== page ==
University College Cork's (UCC) Student Union President has welcomed the Tánaiste's comments on return to campus later this year and said the move will have mutual benefits for the local economy as well as the mental health and wellbeing of the academic community.
Speaking on Wednesday, Leo Varadkar said he would hope to see the “vast majority” of coronavirus restrictions removed by August with “kids going back to school as normal in September, college happening on campus, all those things and a pretty normal Christmas in terms of seeing our friends and relations."
News that students could be back in campus this autumn was welcomed by UCC Student Union President Naoise Crowley.
“While online learning has some positive elements, it is simply not a replacement for on-campus lectures, with isolation and mental health concerns undoubtedly being exacerbated over the past year,” he said.
Mr Crowley said it was important that the Government keep their finger on the pulse in relation to the issue.
“Communication by government with third-level students has been lacking on many occasions this year, we can not see a repeat situation for the coming academic year. As such, we will be following up with the Department to ensure regular updates are provided to students over the coming weeks and months.”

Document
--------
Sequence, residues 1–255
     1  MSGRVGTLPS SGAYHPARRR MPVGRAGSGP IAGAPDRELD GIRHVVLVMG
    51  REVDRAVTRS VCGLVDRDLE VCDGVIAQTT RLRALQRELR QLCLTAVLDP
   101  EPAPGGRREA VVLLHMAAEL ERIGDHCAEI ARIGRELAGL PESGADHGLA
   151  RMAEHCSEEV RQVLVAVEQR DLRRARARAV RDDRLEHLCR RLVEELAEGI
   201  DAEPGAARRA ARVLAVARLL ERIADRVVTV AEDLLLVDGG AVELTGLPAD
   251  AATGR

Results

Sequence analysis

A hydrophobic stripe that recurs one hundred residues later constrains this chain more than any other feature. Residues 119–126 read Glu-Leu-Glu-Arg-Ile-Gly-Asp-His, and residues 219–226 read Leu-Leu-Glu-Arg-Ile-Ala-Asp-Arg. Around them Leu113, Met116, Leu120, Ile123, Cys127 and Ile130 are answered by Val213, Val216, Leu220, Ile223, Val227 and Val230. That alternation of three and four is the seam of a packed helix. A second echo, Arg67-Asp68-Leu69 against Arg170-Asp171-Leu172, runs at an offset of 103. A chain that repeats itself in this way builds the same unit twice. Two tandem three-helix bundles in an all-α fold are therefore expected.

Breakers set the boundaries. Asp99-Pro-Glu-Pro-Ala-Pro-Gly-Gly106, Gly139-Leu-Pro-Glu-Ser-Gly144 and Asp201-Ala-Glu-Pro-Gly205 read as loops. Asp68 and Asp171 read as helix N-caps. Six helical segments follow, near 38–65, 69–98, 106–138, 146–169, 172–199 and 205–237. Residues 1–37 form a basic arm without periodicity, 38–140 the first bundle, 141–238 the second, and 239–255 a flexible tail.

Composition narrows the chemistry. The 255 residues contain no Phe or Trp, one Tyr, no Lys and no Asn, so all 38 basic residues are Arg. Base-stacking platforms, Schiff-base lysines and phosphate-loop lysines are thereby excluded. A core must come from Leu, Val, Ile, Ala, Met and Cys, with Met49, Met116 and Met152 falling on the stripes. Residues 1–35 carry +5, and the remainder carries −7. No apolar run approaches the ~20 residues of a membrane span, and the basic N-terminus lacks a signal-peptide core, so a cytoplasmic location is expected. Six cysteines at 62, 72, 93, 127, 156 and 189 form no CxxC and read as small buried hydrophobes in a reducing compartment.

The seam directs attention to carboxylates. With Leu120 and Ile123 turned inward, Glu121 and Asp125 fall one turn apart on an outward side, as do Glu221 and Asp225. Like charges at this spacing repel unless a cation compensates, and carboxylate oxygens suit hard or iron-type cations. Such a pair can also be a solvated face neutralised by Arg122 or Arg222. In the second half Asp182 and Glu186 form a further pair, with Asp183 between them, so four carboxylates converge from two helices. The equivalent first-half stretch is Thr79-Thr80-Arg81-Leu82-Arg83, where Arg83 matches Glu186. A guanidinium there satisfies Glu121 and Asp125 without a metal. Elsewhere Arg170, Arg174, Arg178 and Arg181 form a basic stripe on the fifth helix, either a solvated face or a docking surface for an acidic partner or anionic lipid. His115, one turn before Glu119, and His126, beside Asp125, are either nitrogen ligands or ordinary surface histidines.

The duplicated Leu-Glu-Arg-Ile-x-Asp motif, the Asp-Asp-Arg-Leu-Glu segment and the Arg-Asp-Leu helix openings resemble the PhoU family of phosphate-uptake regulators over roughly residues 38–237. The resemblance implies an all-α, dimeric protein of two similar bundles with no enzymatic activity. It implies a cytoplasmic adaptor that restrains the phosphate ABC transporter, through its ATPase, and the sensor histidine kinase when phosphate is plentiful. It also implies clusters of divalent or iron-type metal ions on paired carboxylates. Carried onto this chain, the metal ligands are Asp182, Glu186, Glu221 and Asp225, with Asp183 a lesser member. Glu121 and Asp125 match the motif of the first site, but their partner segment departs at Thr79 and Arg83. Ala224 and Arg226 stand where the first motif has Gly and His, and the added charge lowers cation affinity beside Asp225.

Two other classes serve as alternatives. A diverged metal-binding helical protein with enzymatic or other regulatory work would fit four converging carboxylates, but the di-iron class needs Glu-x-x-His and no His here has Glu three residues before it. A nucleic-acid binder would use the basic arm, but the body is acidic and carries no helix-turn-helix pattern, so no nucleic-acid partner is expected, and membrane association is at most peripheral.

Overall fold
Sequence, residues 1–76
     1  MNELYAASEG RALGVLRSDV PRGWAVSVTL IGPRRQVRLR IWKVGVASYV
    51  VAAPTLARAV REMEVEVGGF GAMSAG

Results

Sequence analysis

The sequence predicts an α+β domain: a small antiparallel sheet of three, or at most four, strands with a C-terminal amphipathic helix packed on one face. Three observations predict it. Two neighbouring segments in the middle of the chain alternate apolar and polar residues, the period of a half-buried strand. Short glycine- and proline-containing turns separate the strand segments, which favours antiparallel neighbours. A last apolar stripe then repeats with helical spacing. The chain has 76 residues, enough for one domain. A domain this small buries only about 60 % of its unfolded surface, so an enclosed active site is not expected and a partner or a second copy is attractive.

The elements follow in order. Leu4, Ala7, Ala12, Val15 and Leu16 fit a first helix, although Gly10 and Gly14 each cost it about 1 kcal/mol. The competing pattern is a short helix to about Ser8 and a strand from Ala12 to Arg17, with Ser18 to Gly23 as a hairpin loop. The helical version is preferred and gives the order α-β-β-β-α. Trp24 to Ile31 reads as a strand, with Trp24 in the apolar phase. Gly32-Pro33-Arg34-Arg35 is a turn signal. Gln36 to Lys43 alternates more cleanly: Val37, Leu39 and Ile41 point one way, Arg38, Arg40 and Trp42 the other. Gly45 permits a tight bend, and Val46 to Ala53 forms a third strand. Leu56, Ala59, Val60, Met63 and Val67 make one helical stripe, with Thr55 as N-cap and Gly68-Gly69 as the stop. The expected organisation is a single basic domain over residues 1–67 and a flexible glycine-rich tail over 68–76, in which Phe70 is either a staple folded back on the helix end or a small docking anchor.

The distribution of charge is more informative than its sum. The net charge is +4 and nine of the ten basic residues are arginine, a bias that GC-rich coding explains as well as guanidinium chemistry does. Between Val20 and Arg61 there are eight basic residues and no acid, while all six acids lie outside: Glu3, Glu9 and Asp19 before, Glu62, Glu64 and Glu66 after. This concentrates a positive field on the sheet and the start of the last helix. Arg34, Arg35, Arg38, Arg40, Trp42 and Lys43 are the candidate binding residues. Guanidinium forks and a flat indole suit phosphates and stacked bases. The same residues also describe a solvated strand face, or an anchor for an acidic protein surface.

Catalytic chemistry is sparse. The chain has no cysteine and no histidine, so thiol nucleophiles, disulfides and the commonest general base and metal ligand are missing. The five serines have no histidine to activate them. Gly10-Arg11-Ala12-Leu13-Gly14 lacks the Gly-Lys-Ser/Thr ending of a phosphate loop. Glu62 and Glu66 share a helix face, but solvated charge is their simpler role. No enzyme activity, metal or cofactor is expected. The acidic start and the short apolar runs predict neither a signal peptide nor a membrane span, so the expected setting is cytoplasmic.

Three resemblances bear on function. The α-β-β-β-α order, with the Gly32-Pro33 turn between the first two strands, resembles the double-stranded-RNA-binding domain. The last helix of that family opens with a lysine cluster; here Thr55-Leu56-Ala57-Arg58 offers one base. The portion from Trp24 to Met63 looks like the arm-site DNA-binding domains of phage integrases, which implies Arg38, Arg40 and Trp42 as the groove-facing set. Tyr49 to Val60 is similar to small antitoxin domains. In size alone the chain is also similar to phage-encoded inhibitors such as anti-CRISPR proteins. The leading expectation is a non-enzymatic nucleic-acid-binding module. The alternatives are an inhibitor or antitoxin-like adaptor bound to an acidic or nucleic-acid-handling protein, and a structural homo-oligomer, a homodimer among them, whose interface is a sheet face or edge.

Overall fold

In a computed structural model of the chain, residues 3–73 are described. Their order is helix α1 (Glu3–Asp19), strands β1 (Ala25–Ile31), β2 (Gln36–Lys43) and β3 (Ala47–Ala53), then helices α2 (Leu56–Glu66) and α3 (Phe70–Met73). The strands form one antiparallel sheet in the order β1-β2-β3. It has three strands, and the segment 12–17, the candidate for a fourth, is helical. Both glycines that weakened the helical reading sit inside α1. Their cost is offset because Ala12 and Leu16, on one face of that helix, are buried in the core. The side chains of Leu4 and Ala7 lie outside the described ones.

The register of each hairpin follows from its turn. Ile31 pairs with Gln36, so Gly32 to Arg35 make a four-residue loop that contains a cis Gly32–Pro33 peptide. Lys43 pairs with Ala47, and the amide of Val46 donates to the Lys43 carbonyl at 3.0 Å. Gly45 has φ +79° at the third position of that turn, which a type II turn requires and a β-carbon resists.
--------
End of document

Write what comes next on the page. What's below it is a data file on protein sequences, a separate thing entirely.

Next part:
The UCC SU President said that students play a massive role in the local economy and community, raising upwards of €250,000 for charity.
“UCC students also have a direct expenditure of approximately €187 million each year, creating more than 5,000 local jobs in Cork. A return of students to campus will also provide a much-needed boost to the local economy, at a time where many shops, restaurants and pubs have been closed for months on end.”
However, while the Tánaiste was upbeat about a return to normality in the late summer, he warned that nothing can be promised when it comes to a new virus, and he believes restrictions on international travel and gatherings indoors will continue into the autumn.
He said case numbers are stable and hospital and intensive care numbers are falling, adding if he was working in hospitality he would be planning for outdoor dining in June and indoor dining by July.
“What I am looking at very closely is what is happening in countries that are a bit ahead of us in terms of vaccination, the United Kingdom and Israel, and life in Israel is pretty much back to normal, they’re welcoming tourists again and they’re having not very large gatherings, but they are having mass gatherings,” he said.
He added: “This is a new virus which is only around a year or so and the vaccines aren’t even around a year.
“It’s possible that the efficacy of the vaccines could wear off after a certain point in time, we don’t know what might happen in terms of variants that may be vaccine resistant and we don’t know what will happen when the winter comes.
“I think we have to get through another winter to be sure, but I do think life would be pretty much normal in August and September, but not exactly normal. I think there will still be restrictions around international travel and mass gatherings, particularly indoors. That’s my best guess.”